When Groupe PSA — the French manufacturer of Peugeot, Citroën, Opel and Vauxhall automobiles — and Fiat Chrysler Automobiles (FCA) announced a binding agreement to merge last month, FCA CEO Mike Manley said the move would execute what has “only been theorized many times before, which is smart industry consolidation.”
Whether it ends up being smart is, of course, a judgment for the future. But what is clear already is that the merger is just one of several possible models for consolidation in an industry struggling with enormous change.
A newly formed PSA-FCA company — as-yet unnamed — promises complementary strengths and certain efficiencies, not to mention the creation of the fourth-largest automaker in the world. The company will encompass workhorse brands like Jeep and Ram, as well as the sportier Alfa Romeo, Maserati, and Peugeot.
But brand diversity and popularity are not enough to ensure survival in an era when the traditional auto sector is facing threats at every turn, most notably perhaps from a tech sector nipping at its heels.
All automakers must figure out a way to advance their capabilities and progress in electric, autonomous and connected vehicles and devices — while at the same time continuing to operate their legacy business of selling traditional internal combustion engine vehicles to individuals for personal use, says Wharton management professor John Paul MacDuffie.
“On the R&D side, this takes lots of capital, and lots of expertise and access to technical talent,” says MacDuffie, director of the Program on Vehicle and Mobility Innovation (PVMI) at Wharton’s Mack Institute for Innovation Management. “The tech companies have some natural advantages in attracting capital and talent. The auto companies have all of their accumulated knowledge about designing and building a wide variety of vehicles, managing a complex global supply chain, meeting regulatory requirements and holding legal responsibility for quality and safety, etc. So, one way for an automaker to meet these new challenges is with a merger, and that is what [late Fiat CEO Sergio] Marchionne kept emphasizing — and seeking — in his years of running first Fiat and then FCA.”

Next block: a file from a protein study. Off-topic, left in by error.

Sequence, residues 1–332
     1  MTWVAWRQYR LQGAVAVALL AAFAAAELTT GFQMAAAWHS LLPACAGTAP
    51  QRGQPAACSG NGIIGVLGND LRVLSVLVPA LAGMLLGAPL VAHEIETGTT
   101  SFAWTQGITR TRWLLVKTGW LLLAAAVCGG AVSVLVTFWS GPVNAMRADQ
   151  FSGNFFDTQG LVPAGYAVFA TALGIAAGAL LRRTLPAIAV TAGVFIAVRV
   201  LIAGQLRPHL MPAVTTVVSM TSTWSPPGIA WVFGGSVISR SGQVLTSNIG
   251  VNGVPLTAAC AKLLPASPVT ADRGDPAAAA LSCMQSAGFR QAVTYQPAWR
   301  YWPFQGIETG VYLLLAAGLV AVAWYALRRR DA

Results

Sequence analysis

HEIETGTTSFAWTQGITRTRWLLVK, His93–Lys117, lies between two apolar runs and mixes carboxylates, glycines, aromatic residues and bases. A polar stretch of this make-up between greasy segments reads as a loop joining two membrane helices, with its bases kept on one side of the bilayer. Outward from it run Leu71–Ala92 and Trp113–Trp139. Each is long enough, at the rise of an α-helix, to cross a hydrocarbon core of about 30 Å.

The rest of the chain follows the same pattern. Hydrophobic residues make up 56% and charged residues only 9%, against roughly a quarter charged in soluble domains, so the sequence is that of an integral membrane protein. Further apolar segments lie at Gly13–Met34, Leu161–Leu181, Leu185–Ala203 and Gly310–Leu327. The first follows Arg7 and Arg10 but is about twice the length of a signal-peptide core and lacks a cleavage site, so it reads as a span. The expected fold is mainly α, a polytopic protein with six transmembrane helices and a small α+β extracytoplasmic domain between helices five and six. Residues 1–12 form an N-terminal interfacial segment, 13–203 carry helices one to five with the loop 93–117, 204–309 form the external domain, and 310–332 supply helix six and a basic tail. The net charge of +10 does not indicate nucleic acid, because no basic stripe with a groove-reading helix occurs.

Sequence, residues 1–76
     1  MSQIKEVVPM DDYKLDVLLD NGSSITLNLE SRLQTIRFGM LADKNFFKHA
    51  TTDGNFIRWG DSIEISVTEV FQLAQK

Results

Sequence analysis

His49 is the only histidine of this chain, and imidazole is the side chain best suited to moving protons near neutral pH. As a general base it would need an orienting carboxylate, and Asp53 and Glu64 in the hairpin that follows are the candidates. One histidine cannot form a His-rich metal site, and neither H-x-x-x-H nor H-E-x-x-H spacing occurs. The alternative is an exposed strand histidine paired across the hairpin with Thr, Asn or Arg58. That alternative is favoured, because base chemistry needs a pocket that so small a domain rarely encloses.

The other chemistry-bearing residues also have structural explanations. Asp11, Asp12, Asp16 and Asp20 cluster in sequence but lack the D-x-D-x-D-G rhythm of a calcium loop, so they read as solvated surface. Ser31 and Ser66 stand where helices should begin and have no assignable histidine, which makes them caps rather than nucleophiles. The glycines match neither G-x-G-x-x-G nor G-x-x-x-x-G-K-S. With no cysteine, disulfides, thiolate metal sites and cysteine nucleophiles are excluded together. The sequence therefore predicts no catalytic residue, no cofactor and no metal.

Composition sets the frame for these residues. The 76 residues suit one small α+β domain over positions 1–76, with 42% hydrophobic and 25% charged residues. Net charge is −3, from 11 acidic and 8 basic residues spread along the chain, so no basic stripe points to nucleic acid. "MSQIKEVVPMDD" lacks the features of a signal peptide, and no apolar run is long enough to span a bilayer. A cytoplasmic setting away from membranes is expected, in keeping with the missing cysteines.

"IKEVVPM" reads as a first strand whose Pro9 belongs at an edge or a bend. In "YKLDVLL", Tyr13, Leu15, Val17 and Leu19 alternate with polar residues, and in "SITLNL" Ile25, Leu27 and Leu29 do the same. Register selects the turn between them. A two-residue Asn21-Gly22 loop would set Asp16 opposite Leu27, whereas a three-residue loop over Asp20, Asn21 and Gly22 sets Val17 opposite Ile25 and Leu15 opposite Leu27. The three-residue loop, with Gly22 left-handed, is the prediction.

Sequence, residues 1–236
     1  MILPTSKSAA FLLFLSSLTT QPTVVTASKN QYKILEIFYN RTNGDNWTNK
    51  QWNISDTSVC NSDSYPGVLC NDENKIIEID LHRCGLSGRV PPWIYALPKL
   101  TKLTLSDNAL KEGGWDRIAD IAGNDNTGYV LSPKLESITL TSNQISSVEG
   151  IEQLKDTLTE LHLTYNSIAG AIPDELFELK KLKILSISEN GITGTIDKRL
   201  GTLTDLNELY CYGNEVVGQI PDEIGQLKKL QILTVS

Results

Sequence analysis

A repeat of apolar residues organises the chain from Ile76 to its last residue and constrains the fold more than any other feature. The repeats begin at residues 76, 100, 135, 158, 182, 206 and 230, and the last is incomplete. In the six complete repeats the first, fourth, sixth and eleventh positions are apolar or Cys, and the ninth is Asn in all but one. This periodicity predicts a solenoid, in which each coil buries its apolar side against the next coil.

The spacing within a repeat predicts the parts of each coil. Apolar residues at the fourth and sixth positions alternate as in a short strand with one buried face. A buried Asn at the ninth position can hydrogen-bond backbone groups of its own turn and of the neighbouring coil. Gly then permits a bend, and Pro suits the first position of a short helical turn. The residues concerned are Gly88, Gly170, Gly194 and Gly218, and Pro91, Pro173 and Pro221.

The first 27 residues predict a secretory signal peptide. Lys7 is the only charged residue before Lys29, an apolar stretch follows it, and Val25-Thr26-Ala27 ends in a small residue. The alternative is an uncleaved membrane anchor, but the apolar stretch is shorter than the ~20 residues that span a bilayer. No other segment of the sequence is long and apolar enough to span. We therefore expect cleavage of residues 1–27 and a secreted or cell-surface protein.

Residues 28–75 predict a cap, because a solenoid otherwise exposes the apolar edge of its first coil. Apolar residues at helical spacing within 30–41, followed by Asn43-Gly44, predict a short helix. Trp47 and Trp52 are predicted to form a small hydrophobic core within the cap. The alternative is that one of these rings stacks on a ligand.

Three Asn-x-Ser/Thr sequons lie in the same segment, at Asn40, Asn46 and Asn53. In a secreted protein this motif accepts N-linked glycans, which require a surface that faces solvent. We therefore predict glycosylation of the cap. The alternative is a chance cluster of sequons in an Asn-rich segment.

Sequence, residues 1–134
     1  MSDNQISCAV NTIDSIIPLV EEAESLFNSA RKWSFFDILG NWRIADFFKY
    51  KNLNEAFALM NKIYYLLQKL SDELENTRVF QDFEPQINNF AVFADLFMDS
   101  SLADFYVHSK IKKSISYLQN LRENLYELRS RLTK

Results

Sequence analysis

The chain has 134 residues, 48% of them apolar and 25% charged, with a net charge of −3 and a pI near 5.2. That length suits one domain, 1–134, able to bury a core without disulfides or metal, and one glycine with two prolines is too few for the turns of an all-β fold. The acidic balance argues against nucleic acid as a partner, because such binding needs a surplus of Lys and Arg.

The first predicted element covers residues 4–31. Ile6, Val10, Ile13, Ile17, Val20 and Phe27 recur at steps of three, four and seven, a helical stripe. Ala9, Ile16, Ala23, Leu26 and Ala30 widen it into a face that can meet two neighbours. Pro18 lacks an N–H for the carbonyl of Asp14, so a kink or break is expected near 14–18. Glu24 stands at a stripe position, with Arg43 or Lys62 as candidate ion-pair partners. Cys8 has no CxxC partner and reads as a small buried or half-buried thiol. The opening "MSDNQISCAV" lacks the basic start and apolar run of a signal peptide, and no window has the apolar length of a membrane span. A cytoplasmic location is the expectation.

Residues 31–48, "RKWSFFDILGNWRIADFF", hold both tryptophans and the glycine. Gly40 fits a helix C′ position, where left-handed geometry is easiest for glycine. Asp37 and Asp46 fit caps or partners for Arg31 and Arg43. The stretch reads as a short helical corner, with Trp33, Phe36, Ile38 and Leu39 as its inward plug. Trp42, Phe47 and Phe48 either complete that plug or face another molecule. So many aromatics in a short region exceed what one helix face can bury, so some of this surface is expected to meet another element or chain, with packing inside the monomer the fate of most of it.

Given the pressures on the industry and what is known about the merger so far, it’s a move that appears to make sense.
“If you look at the industry, the whole general direction is to create larger and larger companies that can gain economies of scale,” says Paul A. Eisenstein, publisher and editor-in-chief of The Detroit Bureau.
But it is also the case that mobility companies are being buffeted by challenges of unprecedented proportions and trends whose ultimate direction is uncertain. “Not only must they remain competitive in traditional product segments, but they are facing a massive and increasingly global shift in what consumers buy — away from traditional passenger cars to SUVs and, especially in the U.S., pickups. And that is not an inexpensive transition,” says Eisenstein. “Beyond that, they have to cope with the push for what some call CASE — Connected, Autonomous, Shared and Electric. They will be dumping tens of billions of dollars a year collectively on technologies for which it is not yet clear the consumer really wants them, or if these technologies will ever generate real profits. So, size does seem to matter at a time when the industry is spending unprecedented amounts of money on transitions that nobody can say for sure will result in benefits for the industry as a whole.”
More Than Getting from Here to There